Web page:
Police gather near the home of Levi Aron, a suspect in connection to the murder of a missing boy in the Brooklyn borough of New York, Wednesday, July 13, 2011. Leiby Kletzy, 8, who vanished while walking home from a day camp was killed and dismembered by a stranger he had turned to for help after getting lost, police said Wednesday. Police Commissioner Raymond Kelly said Aron, 35, made statements implicating himself in the boy's death. Formal charges are pending. (AP Photo/Frank Franklin II)
NEW YORK — Walking home alone from day camp for the first time, 8-year-old Leiby Kletzky disappeared.
A day-and-a-half search led police to the Brooklyn home of a man seen on a surveillance video with the young Orthodox Jewish child. They asked: Where is the boy?
The man nodded toward the kitchen, authorities said, where blood stained the freezer door. Inside was the stuff of horror films — severed feet, wrapped in plastic. In the refrigerator, a cutting board and three bloody carving knives. A plastic garbage bag with bloody towels was nearby.
“It is every parent’s worst nightmare,” Police Commissioner Raymond Kelly said Wednesday, following the arrest of 35-year-old Levi Aron on a charge of second-degree murder.
Leiby disappeared Monday afternoon while on his way to meet his mother on a street corner seven blocks from his day camp, the first time the young Hasidic child was allowed to walk the route alone. Authorities said he had evidently gotten lost after missing a turn, and had reached out to Aron, a stranger, for help.
The gruesome killing shocked the tight-knit Hasidic community in Borough Park, in part because it is one of the safest sections of the city and because Aron is himself an Orthodox Jew, although not Hasidic. The Hasidim are ultra-Orthodox Jews.
“This is a no-crime area,” said state Assemblyman Dov Hikind, whose district includes the area. “Everybody is absolutely horrified,” he said. “Everyone is in total shock, beyond belief, beyond comprehension ... to suddenly disappear and then the details ... and the fact someone in the extended community ... it’s awful.”
While the medical examiner’s office said it was still investigating how the boy was killed, the body was released so that the boy could be buried Wednesday evening according to Jewish custom.
Thousands gathered around a Borough Park synagogue for the funeral service. Speakers broadcast over a loudspeaker, chanting and speaking in Yiddish and Hebrew. They stressed the community’s resilience and unity after what one called an unnatural death.
“This is not human,” said Moses Klein, 73, a retired caterer who lives near the corner where the boy was last seen.
The break in the case came when investigators watched a grainy video that showed the boy, wearing his backpack, getting into a car with a man outside a dentist’s office. Detectives tracked the dentist down at his home in New Jersey, and he remembered someone coming to pay a bill. Police identified Aron using records from the office, and 40 minutes later he was arrested, shortly before 3 a.m. Wednesday.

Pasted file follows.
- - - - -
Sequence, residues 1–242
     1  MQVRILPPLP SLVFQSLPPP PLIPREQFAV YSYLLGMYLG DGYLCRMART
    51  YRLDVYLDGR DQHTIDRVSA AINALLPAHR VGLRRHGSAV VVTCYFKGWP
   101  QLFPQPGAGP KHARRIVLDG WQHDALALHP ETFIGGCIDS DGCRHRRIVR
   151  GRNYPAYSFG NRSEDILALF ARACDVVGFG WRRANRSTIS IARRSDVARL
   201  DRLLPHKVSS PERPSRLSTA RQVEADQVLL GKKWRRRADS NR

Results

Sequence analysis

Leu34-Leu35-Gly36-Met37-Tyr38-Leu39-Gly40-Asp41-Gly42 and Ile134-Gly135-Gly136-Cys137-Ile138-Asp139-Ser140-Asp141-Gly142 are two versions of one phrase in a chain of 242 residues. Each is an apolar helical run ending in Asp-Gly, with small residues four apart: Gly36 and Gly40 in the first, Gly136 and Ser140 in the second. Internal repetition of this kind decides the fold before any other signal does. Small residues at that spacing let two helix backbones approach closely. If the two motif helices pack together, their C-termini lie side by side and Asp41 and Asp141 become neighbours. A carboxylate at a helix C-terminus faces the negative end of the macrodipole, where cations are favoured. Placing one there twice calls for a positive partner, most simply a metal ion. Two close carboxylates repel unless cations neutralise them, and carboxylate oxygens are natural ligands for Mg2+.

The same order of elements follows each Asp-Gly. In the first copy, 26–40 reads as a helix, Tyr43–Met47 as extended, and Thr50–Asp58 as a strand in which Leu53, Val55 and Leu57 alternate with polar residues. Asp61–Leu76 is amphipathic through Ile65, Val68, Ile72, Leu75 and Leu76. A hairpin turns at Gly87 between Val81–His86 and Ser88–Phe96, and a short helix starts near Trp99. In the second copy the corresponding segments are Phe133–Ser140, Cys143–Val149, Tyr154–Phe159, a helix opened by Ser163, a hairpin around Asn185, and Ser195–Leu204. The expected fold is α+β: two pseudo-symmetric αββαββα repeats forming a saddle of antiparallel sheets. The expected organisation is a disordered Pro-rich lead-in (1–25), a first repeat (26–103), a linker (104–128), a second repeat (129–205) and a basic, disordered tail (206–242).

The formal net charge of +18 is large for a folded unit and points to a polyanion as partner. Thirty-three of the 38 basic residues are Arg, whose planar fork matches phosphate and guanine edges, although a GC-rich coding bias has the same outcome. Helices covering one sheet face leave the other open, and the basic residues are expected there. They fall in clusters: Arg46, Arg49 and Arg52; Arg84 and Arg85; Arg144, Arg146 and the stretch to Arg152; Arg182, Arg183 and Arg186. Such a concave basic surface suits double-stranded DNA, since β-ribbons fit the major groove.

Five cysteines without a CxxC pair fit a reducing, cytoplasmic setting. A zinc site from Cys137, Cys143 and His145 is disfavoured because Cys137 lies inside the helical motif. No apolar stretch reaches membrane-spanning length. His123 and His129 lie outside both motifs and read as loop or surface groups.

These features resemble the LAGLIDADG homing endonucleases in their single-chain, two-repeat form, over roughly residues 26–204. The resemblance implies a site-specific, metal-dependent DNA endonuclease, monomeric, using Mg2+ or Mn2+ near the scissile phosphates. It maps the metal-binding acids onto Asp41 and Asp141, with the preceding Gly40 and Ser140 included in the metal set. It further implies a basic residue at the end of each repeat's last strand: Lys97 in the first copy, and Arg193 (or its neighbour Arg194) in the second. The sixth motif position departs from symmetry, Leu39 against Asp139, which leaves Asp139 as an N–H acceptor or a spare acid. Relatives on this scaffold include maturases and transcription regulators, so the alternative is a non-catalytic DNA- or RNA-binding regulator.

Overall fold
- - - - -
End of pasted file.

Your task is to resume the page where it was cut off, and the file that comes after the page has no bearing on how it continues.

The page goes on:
Aron told police where to find the rest of the body; it was in pieces, wrapped in plastic bags, inside a red suitcase that had been tossed into a trash bin in another Brooklyn neighborhood, Kelly said.
Police said there was no evidence the boy was sexually assaulted, but they would not otherwise shed any light on a motive except to say Aron told them he “panicked” when he saw photos of the missing boy on fliers that were distributed in the neighborhood. Police were looking into whether Aron had a history of mental illness.
Police said Aron, who is divorced, lives alone in an attic in a building shared with his father and uncle.
Kelly said it was “totally random” that Aron grabbed the boy, and aside from a summons for urinating in public, he had no criminal record. A neighbor told authorities her son had said Aron had once tried to lure him into his car, but nothing happened and she didn’t think much of it until the news of the killing, police said.
He lived most of his life in New York and worked as a clerk at a hardware supply store around the corner from his home, authorities said. Co-workers said Aron was at work on Tuesday.
“He seemed a little troubled,” said employee Chamin Kramer, who added Aron usually came and went quietly.
Aron lived briefly in Memphis, Tenn., and his ex-wife, Deborah Aron, still lives in the area. She said he never showed signs of violence toward her two children from a previous relationship.
“It’s utter disbelief,” she said from the toy-littered backyard of her home in the Memphis suburb of Germantown. “This ain’t the Levi I know.”
Deborah Aron said the couple divorced about four years ago after a year of marriage. She described Levi Aron as a person who was shy until he got to know you and said he enjoyed music, karaoke and “American Idol.” She said he attended Orthodox Jewish services in Memphis.
He was “more of a mother’s boy than a father’s boy,” who lived at home until he met her, she said.
She said Levi injured his head when he was hit by a car while riding his bike at the age of 9 and suffered problems stemming from that accident.